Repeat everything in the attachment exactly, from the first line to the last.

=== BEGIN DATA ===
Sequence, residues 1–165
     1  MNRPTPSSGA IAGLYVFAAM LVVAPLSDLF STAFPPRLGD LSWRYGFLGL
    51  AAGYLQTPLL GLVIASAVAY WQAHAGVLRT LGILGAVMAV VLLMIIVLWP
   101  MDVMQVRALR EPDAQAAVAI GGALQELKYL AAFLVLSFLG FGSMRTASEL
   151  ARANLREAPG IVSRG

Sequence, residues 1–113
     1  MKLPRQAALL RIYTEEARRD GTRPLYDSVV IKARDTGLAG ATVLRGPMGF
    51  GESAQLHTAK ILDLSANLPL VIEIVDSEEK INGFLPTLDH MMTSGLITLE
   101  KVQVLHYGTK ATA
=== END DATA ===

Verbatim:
Sequence, residues 1–165
     1  MNRPTPSSGA IAGLYVFAAM LVVAPLSDLF STAFPPRLGD LSWRYGFLGL
    51  AAGYLQTPLL GLVIASAVAY WQAHAGVLRT LGILGAVMAV VLLMIIVLWP
   101  MDVMQVRALR EPDAQAAVAI GGALQELKYL AAFLVLSFLG FGSMRTASEL
   151  ARANLREAPG IVSRG

Sequence, residues 1–113
     1  MKLPRQAALL RIYTEEARRD GTRPLYDSVV IKARDTGLAG ATVLRGPMGF
    51  GESAQLHTAK ILDLSANLPL VIEIVDSEEK INGFLPTLDH MMTSGLITLE
   101  KVQVLHYGTK ATA